H. Bolton Seed, a scientist known internationally for his understanding of soil behavior during earthquakes and for sharing that expertise with much of the world, has died of cancer at his home in Orinda, Calif.
The professor of civil engineering at UC Berkeley was 66 when he died Sunday.
"Harry was a giant among civil engineers in the world, that's the only way you can regard Harry Seed," Karl S. Pister, dean of the Berkeley College of Engineering, said in a statement released through the university.
In 1987, Seed, a native of England who became a U.S. citizen, received the National Medal of Science, considered the nation's highest scientific honor. During his career, he received more than 40 international and national awards.
Seed made major research contributions in the fields of structural engineering design, highway engineering, geotechnical engineering and earthquake engineering.
He was part of an international team called in to study the Aswan Dam in Egypt after earthquakes posed questions over its seismic strength. He also served as consultant to the Tarbela Dam in Pakistan, the Oroville Dam in California and the Alaska Pipe-Line Project.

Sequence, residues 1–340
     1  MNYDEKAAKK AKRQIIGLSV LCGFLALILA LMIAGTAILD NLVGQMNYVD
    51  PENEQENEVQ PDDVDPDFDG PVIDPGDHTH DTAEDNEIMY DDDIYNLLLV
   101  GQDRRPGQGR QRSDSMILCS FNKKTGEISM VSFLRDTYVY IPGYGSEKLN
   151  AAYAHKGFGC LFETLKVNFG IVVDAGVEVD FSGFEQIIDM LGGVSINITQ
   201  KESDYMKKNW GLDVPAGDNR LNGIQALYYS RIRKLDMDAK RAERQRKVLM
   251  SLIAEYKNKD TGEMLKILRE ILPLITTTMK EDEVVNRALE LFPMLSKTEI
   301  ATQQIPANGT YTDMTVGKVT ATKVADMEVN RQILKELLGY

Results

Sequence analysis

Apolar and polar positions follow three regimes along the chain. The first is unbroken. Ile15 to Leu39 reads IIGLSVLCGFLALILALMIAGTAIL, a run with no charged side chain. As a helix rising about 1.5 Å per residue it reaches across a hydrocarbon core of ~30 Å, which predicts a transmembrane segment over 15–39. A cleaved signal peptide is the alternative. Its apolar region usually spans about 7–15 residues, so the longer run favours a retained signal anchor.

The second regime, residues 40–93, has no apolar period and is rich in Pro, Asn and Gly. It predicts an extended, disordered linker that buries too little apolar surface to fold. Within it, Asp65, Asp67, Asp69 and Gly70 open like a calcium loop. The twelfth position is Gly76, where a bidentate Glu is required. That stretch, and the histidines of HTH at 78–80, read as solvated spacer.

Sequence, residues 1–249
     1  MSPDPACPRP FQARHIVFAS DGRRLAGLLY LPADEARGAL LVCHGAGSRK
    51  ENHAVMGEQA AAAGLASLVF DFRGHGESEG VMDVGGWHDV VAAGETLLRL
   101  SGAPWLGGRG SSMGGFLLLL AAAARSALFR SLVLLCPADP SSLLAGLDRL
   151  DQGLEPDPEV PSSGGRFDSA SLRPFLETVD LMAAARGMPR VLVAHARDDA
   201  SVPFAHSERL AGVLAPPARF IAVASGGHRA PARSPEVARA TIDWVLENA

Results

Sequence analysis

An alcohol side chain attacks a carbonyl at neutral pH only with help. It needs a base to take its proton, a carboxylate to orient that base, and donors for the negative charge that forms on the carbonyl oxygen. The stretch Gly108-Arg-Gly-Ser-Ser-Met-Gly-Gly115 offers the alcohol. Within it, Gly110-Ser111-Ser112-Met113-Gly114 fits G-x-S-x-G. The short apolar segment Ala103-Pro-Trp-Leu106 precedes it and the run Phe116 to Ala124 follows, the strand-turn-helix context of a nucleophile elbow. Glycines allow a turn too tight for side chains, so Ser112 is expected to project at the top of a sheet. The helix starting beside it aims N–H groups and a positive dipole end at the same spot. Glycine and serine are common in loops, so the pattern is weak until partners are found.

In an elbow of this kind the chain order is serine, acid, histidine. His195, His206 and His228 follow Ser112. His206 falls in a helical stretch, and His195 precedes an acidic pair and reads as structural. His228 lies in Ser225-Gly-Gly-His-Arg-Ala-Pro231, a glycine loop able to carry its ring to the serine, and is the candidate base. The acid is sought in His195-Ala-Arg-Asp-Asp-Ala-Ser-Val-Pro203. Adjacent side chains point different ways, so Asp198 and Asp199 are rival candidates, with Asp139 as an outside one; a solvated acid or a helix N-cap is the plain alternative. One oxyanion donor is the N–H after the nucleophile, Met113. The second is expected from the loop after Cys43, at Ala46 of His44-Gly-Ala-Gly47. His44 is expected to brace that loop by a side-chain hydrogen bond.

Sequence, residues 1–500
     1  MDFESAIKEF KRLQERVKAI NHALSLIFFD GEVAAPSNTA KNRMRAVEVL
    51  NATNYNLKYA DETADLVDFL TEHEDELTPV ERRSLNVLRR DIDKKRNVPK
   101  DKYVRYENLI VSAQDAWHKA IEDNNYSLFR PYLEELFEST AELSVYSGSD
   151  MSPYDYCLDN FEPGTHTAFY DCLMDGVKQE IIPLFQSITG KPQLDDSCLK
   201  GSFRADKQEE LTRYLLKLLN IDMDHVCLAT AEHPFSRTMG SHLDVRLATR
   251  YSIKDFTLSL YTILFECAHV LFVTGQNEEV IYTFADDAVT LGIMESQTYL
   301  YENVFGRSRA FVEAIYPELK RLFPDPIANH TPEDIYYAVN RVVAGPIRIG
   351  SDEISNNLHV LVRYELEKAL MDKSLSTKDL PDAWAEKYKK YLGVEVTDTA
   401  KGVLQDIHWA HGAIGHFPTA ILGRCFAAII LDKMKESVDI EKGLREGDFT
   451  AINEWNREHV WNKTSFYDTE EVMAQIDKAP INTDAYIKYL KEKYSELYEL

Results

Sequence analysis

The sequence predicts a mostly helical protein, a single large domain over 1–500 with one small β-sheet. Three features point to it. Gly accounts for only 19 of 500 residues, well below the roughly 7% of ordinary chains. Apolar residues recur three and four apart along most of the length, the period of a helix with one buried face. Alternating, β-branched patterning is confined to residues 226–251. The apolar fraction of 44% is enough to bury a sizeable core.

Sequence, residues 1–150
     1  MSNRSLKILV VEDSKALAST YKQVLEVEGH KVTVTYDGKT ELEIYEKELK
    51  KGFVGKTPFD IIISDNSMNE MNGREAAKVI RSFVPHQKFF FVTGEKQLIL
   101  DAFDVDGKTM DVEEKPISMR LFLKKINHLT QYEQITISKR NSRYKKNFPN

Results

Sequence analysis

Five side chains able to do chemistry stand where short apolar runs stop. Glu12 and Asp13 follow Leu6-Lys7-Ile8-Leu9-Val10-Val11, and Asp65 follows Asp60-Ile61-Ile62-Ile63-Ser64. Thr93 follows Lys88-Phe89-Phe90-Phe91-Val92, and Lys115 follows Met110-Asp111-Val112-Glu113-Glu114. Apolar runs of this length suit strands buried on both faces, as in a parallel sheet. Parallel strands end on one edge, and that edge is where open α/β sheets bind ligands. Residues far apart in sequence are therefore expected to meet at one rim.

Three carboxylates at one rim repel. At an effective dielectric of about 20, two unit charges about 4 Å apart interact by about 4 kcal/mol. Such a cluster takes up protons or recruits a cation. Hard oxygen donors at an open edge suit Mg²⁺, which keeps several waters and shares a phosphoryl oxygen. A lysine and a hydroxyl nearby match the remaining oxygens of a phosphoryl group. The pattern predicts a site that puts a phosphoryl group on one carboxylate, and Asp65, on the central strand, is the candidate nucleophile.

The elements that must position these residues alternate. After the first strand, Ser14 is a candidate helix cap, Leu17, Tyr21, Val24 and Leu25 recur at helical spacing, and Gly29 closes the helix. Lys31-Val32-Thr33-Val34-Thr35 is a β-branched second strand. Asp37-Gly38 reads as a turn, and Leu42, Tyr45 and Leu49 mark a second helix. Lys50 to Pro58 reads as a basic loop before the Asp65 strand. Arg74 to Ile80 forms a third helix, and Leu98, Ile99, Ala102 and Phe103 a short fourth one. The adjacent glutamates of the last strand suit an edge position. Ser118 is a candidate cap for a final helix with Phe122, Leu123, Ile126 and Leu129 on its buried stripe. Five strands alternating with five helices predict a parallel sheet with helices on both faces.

In 1972 he announced that if the San Fernando earthquake had happened a year earlier (Feb. 9, 1970, instead of Feb. 9, 1971), the lower Van Norman Reservoir would have broken through and sent 6 billion gallons of water cascading on the 80,000 people living below. He had studied the soil mechanics of the area and the amount of water (less at the time of the quake) in the reservoir before reaching that conclusion.
Seed graduated from London University in 1947 and from Harvard in 1948. He was a faculty member at London University and Harvard before going to Berkeley in 1950.
In a 1985 interview with United Press International, Seed questioned whether quake experts should disclose their findings or try to predict the future.
He recalled a time when he was living in Berkeley directly atop the Hayward Fault. Nearby, he remembered, lived an elderly couple whose assets were completely tied up in their home. Should he warn them of the potential disaster?
He chose not to, and the husband and wife lived without the additional worry.
Seed, however, moved.
He is survived by his wife, Muriel, a son and a daughter.